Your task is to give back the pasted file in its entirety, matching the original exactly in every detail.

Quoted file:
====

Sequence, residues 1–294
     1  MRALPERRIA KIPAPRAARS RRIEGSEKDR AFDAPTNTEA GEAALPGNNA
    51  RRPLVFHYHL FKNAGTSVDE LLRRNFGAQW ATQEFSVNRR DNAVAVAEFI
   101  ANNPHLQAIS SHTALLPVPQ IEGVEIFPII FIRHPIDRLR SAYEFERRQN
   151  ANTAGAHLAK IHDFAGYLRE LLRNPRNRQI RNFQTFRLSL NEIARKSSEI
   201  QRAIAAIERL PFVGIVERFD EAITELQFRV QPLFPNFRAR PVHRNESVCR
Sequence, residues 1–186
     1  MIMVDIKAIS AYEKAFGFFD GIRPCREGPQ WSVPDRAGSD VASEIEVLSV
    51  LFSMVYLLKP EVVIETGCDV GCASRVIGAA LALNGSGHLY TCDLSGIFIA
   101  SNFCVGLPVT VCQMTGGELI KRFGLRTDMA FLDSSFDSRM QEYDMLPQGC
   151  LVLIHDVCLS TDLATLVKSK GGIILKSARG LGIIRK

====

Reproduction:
Sequence, residues 1–294
     1  MRALPERRIA KIPAPRAARS RRIEGSEKDR AFDAPTNTEA GEAALPGNNA
    51  RRPLVFHYHL FKNAGTSVDE LLRRNFGAQW ATQEFSVNRR DNAVAVAEFI
   101  ANNPHLQAIS SHTALLPVPQ IEGVEIFPII FIRHPIDRLR SAYEFERRQN
   151  ANTAGAHLAK IHDFAGYLRE LLRNPRNRQI RNFQTFRLSL NEIARKSSEI
   201  QRAIAAIERL PFVGIVERFD EAITELQFRV QPLFPNFRAR PVHRNESVCR
Sequence, residues 1–186
     1  MIMVDIKAIS AYEKAFGFFD GIRPCREGPQ WSVPDRAGSD VASEIEVLSV
    51  LFSMVYLLKP EVVIETGCDV GCASRVIGAA LALNGSGHLY TCDLSGIFIA
   101  SNFCVGLPVT VCQMTGGELI KRFGLRTDMA FLDSSFDSRM QEYDMLPQGC
   151  LVLIHDVCLS TDLATLVKSK GGIILKSARG LGIIRK